USA COurt Reporters

Do You Need to Be Certified As a Court Reporter in the USA?

A career in court reporting can be lucrative and rewarding. A court reporter usually has a well-paid position. This career requires specific training. In some states, this means getting a license to practice court reporting within the court system. While certification is not required by federal law, it is recommended. Proper certification makes it easier to find a position as a court reporter.

Educational Requirements

The education needed to become a court reporter varies based on the reporter's chosen specialization. There are several court reporter programs across the country that provide certification through the National Court Reporters Association (NCRA). To graduate from one of these programs, court reporters must capture at least 225 words per minute. That is the standard rate set by the federal government, which makes it a great benchmark for a certification program.

Available Certifications

While certification is not required, if you want to become a court reporter, you'll find it difficult to find a job without it. That makes it a requirement in a way. Also, you'll find that you'll gain access to higher-paying positions when you seek additional certifications. You can seek multiple certifications which will improve your chance of getting a good position.

The NCRA offers Registered Professional Reporter (RPR) certification to people who graduate from a certified school and passes a four-part court reporting examination. While you don't need to pass the exam to graduate, most court reporters choose to take the test. The test is needed to get the certification.

If you want to show greater competency or experience as a court reporter, the NCRA offers further certification. Some of the available certifications include the Registered Diplomate Reporter (RSR and the Registered Merit Reporter (RMR). These certifications are designed specifically for court reporters.

IF you want to expand your expertise and opportunities, you can pursue certification designed for people w ho captions television and media programs for the hearing impaired. These certifications include Certified CART Provider (CCP), Certified Realtime Reporter (CRR), and Certified Broadcast Cautioner (CBC).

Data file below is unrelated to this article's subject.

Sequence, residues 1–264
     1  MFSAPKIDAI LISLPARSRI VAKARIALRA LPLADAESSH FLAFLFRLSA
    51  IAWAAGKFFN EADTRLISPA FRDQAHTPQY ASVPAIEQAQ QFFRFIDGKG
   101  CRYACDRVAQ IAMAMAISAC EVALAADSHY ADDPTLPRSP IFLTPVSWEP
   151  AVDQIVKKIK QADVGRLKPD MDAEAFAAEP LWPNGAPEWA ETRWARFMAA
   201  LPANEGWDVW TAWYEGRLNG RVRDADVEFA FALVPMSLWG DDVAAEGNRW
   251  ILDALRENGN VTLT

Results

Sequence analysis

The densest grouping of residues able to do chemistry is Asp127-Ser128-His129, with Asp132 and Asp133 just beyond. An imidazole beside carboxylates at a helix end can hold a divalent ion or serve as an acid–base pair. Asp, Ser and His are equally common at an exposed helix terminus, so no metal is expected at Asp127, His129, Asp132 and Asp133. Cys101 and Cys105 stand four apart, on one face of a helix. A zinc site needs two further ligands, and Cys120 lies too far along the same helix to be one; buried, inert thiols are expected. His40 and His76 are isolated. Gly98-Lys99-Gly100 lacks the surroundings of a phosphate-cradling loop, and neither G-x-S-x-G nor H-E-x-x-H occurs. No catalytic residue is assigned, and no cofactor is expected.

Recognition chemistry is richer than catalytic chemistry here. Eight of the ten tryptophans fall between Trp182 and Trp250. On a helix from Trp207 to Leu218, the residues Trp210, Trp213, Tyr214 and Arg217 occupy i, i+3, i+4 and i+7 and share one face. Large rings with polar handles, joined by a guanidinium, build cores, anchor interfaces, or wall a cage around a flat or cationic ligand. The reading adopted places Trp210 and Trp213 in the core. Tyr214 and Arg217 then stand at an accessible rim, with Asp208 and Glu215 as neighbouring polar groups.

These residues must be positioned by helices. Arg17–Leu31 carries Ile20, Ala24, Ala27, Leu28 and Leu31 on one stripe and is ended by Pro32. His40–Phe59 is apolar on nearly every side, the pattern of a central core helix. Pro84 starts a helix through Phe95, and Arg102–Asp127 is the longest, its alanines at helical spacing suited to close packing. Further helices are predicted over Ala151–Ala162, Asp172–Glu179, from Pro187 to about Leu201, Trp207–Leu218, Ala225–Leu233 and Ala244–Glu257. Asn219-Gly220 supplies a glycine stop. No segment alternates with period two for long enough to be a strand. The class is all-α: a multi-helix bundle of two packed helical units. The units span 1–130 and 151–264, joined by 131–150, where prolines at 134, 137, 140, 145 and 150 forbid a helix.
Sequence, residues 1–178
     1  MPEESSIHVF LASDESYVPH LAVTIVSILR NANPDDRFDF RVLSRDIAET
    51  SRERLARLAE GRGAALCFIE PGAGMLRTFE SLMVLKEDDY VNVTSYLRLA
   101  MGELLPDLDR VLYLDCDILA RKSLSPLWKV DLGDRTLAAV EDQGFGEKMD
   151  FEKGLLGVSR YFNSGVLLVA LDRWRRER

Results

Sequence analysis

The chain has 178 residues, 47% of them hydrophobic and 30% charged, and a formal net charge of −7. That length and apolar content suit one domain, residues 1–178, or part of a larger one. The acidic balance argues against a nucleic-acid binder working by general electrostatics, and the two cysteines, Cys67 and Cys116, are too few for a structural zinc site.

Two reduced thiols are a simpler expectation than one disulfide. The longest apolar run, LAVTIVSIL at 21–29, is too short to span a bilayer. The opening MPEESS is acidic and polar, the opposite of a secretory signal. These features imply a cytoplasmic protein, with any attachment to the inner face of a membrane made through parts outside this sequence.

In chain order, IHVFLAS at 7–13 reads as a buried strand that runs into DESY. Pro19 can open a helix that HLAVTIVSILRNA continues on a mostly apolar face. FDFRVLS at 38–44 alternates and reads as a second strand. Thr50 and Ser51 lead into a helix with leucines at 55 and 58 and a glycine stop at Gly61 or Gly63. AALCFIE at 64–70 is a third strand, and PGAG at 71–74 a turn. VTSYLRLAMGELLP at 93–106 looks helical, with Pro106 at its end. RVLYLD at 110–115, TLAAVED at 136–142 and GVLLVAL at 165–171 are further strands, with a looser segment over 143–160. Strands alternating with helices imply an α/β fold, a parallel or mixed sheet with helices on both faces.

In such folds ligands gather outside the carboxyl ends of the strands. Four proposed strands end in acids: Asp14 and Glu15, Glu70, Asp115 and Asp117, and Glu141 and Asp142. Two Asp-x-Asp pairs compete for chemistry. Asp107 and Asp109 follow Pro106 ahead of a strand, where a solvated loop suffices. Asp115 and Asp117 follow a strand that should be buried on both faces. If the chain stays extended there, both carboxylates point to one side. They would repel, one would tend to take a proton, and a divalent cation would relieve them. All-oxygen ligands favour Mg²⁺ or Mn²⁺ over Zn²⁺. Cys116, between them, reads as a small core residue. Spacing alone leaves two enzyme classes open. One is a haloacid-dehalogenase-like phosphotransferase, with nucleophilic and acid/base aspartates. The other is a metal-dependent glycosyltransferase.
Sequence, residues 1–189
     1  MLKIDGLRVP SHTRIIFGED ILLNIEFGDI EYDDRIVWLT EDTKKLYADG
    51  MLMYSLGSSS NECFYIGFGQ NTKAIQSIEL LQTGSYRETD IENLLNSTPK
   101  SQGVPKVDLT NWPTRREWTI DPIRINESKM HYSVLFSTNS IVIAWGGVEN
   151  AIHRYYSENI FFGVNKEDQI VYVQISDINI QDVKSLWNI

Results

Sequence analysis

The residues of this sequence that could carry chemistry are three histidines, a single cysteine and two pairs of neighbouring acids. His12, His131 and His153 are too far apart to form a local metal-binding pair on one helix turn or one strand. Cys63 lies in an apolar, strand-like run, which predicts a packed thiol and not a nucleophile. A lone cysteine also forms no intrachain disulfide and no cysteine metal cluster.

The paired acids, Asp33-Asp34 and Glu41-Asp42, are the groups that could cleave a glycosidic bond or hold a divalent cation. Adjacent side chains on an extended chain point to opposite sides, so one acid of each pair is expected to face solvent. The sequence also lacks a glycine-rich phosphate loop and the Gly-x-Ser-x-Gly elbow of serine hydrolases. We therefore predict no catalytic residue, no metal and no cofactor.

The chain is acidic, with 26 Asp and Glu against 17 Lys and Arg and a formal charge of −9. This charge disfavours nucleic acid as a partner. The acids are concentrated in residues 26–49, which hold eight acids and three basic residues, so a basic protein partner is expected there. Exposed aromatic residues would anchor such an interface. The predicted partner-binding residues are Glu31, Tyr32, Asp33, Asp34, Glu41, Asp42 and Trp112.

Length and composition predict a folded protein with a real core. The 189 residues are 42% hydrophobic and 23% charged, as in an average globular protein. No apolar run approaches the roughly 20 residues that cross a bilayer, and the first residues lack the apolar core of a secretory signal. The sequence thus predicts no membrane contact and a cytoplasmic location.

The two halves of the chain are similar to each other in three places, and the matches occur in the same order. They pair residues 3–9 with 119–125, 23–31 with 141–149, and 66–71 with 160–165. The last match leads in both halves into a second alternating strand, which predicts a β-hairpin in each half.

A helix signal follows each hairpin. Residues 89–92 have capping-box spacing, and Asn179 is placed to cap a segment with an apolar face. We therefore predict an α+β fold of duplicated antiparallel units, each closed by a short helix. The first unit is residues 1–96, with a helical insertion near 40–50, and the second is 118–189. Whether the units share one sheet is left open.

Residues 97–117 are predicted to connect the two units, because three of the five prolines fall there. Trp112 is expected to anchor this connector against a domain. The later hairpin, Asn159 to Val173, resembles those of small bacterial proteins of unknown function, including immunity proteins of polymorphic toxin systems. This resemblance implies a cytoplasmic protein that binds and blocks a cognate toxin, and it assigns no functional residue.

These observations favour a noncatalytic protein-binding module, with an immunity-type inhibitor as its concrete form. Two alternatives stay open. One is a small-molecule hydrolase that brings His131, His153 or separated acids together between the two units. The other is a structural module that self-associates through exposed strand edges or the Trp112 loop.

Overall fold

There are other organizations that offer court reporter certifications. There is voluntary certification designation offered by the United States Court Reporters Association. The certification is based on an exam that tests real-time skills. If a reporter works in the Federal courts, this certification qualifies them for the Federal Certified Realtime Reporter (FCRR) Certification.

Another organization that offers court reporter certification is the American Association of Electronic Reporters and Transcribers (AAERT). This is based on a two-part exam with a written and practical section. The Certified Electronic Court Reporter (CER) certification requires that you have at least two years of experience as a court reporter.


Besides the available certification, some court reporters must pursue any required state licensing. Most state licensed court reporters to receive the designation of Certified Court Reporter (CCR). The National Verbatim Reporters Association offers a license that is transferred easily from one state to the next. These designations are the Certificate of Merit (CM), Real-Time Verbatim Reporter (RVR), and the Certified Verbatim Reporter (CVR).

Each designation can be used in states where a license is required, in place of the state license. However, the state must allow court reporters to use the voice method. It's important to check to see if the license meets your state's requirements.